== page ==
23rd Apr2017

Their Finest (Film)

by timbaros
Their Finest Hour and A Half Directed by Lone Sherfig

Their Finest Hour and A Half
Directed by Lone Sherfig

A film about London in 1940 during The Blitz is finally being released in theatres – Their Finest – a year and a half after principal photography began and 6 months after it had it’s European premiere at the London Film Festival in October 2016.

I’m not entirely sure why it has taken this long for the film to finally make it into the cinemas – it’s not a bad movie, but it’s also not a great movie.

Their Finest details a motley crew of screenwriters tasked with writing a script for a film that would hopefully lift up Britain’s flagging spirits during WWII as well as inspire America to enter the war. That’s a lot of responsibility for three people to take on, in a film based on the 2009 novel by Lissa Evans. Gemma Arterton’s character Catrin Cole (based on a real woman, Diana Morgan, who wrote for Ealing Studios) actually has no screenwriting experience, but she’s basically just looking for a paycheck to help her artist husband Ellis (Jack Huston) pay the bills. But she gets more than what she bargained for when she’s hired by the British Ministry of Information to assist Tom Buckley (a very good Sam Claflin) on a film script. Winston Churchill tells them that they need to write a story that will inspire the nation, and so they write a propaganda film amidst all that is happening in Europe. But it’s Bill Nighy as the leading man of their film (playing Ambrose Hillard) who steals the movie. He’s wonderful and witty and oh so debonair when he’s on set in the making of the movie within the movie, and he’s wonderful off the set when he’s telling jokes to the rest of the cast and crew, and tender and fatherly when he is giving advice to Catrin. But all is not ok in her life, she catches her husband cheating on her on one of her few visits she makes to their home, and her and Buckley realize they have more in common with each other than just putting words to paper. Set this all against the backdrop of WWII and what you’ve got is a classic in the making.

But Their Finest is not quite a classic. Some of the scenes look a bit staged, not very realistic for a film that relies on the portrayal of London during the Bliz. Arterton is fine and lights up the screen with her beautiful face, and Claflin is very handsome as her mentor, but director Lone Scherfing (who directed the wonderful An Education with Carey Mulligan) along with a script by Gaby Chiappe, don’t quite make it 100% believable. Production values are fine, costumes wonderful and the score very dramatic when it needs to be, but it’s Nighy that you will remember – he’s deserving of nominations for this film – but the film itself not so much.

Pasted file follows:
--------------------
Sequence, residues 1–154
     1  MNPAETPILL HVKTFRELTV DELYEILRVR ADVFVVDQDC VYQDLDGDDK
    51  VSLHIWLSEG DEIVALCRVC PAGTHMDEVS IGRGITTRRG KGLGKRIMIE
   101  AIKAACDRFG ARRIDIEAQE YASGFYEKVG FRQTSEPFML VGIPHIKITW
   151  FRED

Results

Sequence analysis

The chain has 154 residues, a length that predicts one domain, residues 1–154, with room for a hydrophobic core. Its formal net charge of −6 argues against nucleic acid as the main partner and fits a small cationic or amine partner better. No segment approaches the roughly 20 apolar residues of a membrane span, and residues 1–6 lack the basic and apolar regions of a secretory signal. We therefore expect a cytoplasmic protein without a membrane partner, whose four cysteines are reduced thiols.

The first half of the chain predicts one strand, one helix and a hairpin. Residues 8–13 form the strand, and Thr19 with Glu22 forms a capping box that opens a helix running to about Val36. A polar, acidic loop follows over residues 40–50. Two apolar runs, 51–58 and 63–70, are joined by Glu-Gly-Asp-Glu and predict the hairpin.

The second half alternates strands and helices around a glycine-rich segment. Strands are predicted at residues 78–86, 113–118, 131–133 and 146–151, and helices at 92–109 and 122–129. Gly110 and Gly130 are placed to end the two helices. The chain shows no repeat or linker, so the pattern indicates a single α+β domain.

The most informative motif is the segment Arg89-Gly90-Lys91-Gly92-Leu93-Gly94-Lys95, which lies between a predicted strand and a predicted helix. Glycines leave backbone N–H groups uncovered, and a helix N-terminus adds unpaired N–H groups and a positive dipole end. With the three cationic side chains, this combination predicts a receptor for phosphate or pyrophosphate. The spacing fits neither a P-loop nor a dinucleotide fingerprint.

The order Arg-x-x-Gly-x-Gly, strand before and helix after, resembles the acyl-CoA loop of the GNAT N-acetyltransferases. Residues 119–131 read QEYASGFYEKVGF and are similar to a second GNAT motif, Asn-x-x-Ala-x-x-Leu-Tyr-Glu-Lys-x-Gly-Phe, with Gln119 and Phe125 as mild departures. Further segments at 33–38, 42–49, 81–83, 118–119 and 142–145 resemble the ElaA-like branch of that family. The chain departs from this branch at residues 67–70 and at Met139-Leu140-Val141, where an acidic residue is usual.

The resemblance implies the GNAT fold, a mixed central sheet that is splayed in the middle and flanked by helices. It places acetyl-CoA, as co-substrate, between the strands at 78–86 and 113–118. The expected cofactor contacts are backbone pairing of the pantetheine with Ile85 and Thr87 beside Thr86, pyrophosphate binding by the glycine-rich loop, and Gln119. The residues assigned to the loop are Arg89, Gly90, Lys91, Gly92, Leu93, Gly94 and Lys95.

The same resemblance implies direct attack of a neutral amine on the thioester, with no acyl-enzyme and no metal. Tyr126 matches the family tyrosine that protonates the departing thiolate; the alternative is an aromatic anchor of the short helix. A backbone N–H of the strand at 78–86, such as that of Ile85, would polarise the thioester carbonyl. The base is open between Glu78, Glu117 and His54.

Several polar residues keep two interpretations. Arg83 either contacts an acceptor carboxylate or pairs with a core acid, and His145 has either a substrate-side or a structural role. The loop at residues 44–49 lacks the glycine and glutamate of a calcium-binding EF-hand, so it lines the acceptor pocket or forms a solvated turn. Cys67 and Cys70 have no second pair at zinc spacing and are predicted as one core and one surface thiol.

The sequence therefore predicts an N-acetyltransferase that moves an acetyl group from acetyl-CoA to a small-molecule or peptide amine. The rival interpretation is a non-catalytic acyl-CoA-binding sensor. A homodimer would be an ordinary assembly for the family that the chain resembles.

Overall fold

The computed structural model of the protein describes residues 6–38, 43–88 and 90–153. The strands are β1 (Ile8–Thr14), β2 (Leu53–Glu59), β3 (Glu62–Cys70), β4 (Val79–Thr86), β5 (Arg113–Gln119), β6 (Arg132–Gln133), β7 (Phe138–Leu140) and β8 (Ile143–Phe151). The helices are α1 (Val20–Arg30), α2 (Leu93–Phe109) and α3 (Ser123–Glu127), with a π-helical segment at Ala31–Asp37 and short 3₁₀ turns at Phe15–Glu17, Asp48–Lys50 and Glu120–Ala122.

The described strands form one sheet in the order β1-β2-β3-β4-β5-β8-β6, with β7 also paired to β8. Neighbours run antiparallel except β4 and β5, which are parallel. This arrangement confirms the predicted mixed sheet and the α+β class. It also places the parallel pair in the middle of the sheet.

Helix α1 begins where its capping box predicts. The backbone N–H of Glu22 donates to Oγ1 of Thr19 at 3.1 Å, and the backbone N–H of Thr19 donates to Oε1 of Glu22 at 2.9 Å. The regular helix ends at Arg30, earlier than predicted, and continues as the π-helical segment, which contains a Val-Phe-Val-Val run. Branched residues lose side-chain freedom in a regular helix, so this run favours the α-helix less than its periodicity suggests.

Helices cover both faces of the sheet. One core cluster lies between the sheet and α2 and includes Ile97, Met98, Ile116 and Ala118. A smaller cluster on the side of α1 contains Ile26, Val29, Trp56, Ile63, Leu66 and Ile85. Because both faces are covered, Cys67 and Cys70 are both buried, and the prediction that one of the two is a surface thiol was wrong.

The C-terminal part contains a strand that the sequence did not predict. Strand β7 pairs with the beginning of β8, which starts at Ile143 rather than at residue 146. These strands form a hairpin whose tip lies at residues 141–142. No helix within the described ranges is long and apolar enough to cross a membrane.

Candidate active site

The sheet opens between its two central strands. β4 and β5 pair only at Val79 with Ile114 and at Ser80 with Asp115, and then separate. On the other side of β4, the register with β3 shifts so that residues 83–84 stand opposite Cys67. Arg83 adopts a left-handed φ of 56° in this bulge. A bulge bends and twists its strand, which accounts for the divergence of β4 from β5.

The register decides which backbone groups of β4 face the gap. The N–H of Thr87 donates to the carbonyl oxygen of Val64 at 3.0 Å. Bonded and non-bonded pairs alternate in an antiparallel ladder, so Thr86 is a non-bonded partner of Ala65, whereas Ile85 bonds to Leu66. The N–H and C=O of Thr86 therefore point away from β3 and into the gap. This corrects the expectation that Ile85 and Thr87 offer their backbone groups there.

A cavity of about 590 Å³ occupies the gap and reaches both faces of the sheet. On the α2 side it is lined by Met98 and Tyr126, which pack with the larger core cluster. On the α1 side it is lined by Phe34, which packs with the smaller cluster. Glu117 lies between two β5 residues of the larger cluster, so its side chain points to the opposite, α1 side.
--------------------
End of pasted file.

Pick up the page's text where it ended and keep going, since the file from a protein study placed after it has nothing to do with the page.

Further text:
15th Mar2015

Pride – DVD

by timbaros

PRIDEIn 1984 a group of gay activists decided to raise money for striking mineworkers, and this is the subject of the new film Pride.

The UK miners strike, which lasted for one year from March 1984, took place after Margaret Thatcher’s government announced its intention to close 20 coal mines and more at a later date, severely financially affecting the workers and their families. Pride tells the story of a group of young gay activists – who called themselves ‘Lesbians and Gays Support the Miners (LGSM)’ – and their enthusiasm and motivation to raise money for the miners and their families in a small community called Onllym in South Wales, which resulted in a strange and unusual relationship between both groups.

The rag tag group of LGSM activists include George MacKay as Joe, not yet out to his parents and barely just out to himself; Ben Schnetzer as Mark, the leader of the group but also the most passionate; Andrew Scott plays Gethin – the owner of Gay’s The Word bookshop who has not set foot in his native Wales or spoken to his mother in 16 years; Dominic West as Jonathan – Gethin’s actor boyfriend; Faye Marsay as Steph – the Lesbian in Lesbian and Gays Support the Miners; and Joe Gilgin who plays Mike Jackson – the co-founder of LGSM. Members of the mining community include Bill Nighy as Cliff – the mining club secretary who also happens to be gay; Imelda Staunton as Hefina – a resident of Onllym and a member of the mining committee who gets on fabulously with the LGSM members; and Paddy Considine as Dai Donnvan – a miner who eventually comes around and accepts LGSM’s support.

Pride begins at the June 1984 gay pride parade, with a relatively small group of people marching through central London, and it’s where Joe, watching the parade from the sidelines, decides that this is the group that he belongs to, so he joins the parade. One of the activists carries a sign which reads ‘Queers, better blatant than latent.’ Anti-gay activists line the street with their own signs – one reading ‘Burn in Hell.’ Such was the sentiment in 1984.